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Zelenskyy says he will continue pursuing peace despite atrocities committed by Russian forces

Despite the potential war crimes carried out by the Russian military on the people of Ukraine, Ukrainian President Volodymyr Zelenskyy said that he would continue to push for peace.

The New York Post reported that Zelenskyy said, “No one wants to negotiate with a person or people who tortured this nation. It’s all understandable. And as a man, as a father, I understand this very well.”

Russian President Vladimir Putin has been intensely condemned for possible war crimes carried out by the Russian military that were uncovered as its forces withdrew from the areas around Ukraine’s capital city of Kyiv.

As they regained ground in the areas surrounding Kyiv, Ukrainian forces uncovered mass graves filled with civilians in the suburbs surrounding the city. They also found surface streets littered with the corpses of civilians.

Many of the slaughtered civilians bore marks of torture and execution. Civilian bodies were found with their hands tied behind their backs, and many had seemingly fatal gunshot wounds at the base of their skulls.

Russian forces have also bombed civilian gathering places such as train stations and medical facilities.

Zelenskyy said, “We don’t want to lose opportunities, if we have them, for a diplomatic solution.”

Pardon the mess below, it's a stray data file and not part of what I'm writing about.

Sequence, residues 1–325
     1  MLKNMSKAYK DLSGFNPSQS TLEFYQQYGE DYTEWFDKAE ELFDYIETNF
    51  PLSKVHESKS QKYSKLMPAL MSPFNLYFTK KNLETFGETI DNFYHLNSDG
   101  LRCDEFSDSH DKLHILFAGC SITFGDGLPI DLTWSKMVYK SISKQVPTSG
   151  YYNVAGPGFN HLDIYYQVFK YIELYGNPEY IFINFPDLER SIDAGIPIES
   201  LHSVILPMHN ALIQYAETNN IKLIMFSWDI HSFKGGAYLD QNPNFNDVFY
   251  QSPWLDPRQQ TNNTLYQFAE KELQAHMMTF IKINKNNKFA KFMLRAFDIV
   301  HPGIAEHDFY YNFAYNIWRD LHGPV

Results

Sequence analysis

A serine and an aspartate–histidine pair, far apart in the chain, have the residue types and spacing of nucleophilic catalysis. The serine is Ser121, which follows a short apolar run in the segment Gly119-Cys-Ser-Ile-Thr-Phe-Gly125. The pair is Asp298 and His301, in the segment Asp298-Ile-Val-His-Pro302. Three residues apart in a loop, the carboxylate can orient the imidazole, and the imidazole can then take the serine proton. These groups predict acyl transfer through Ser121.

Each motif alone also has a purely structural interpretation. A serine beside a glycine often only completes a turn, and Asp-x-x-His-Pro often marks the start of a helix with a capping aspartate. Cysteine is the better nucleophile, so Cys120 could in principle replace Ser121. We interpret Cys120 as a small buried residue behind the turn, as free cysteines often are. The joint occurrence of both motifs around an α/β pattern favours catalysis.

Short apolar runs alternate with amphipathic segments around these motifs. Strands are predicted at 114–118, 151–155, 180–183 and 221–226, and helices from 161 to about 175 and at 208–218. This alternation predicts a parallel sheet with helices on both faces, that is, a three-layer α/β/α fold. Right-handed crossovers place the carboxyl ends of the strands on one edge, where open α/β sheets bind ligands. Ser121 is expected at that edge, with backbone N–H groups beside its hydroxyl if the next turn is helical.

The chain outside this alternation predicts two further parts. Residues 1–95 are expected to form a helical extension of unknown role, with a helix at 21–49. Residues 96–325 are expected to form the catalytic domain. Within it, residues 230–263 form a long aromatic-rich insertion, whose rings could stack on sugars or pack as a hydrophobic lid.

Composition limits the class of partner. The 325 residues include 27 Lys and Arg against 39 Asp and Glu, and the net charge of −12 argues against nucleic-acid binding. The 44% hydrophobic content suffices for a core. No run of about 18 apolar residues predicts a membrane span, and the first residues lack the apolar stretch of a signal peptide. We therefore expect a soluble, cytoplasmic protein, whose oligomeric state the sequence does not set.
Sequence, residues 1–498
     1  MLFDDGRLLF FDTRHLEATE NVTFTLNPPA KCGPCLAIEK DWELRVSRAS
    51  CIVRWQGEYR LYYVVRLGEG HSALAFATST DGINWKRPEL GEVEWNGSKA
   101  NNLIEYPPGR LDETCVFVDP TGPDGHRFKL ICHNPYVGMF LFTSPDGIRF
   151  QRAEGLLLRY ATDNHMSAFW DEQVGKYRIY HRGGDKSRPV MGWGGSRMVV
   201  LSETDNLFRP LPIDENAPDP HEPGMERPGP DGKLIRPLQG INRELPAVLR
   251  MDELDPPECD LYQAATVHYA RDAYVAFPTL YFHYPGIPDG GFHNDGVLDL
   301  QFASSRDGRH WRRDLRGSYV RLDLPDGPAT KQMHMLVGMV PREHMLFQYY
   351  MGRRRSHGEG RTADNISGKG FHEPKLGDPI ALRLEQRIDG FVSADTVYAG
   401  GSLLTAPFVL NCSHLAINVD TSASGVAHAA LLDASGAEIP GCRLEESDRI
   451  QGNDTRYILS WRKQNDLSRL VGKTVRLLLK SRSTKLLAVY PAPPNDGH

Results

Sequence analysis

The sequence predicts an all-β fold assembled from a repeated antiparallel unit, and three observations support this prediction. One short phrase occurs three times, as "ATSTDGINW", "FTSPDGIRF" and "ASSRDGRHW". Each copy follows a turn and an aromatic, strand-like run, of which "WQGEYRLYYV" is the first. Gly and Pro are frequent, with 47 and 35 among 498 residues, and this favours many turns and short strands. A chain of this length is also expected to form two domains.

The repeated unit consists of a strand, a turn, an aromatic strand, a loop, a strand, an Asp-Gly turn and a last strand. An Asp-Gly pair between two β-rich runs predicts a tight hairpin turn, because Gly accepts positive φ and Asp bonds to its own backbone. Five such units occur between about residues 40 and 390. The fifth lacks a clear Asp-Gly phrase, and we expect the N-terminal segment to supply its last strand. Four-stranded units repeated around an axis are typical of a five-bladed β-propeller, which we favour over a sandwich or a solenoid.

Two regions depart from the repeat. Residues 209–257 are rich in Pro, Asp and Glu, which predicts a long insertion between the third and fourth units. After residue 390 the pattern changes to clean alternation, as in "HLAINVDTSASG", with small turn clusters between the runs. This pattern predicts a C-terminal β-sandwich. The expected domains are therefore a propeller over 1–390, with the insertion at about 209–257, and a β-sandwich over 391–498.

He added, “We have to fight, but fight for life. You can’t fight for dust when there is nothing and no people. That’s why it is important to stop this war.”

The Russian forces that withdrew from Kyiv are currently believed to be regathering in preparation for an attack on Donbas in Ukraine’s eastern region.

Zelenskyy said that Ukrainian forces currently fighting their Russian counterparts in the eastern regions of Ukraine are in “the heart of the war.”

He said, “It’s beating. We’re fighting. We’re strong. And if it stops beating, we will be in a weaker position.”

Zelenskyy is reportedly frustrated with the lack of military equipment being supplied to Ukraine by the U.S. and its allies in Western Europe. He indicated that he was grateful for what had been done for his country but suggested that much more needed to be done by the wealthy nations allied with Ukraine.

He said, “Of course, it’s not enough,” when asked whether the supplies his country had been given up to this point was enough to turn the tide of the war in Ukraine’s favor.

Despite Zelenskyy’s insistence that he is actively working to make peace with his Russian adversaries, when presented with the opportunity to make peace in mid-March he rejected the offer.

Israeli leadership, serving as diplomatic emissaries, conveyed to Zelenskyy that if Ukraine were to alter its constitution in a way that permanently committed the country from joining NATO, recognized Crimea as Russian territory, and recognized Donetsk and Luhansk as independent states, then Russia would end its invasion of Ukraine.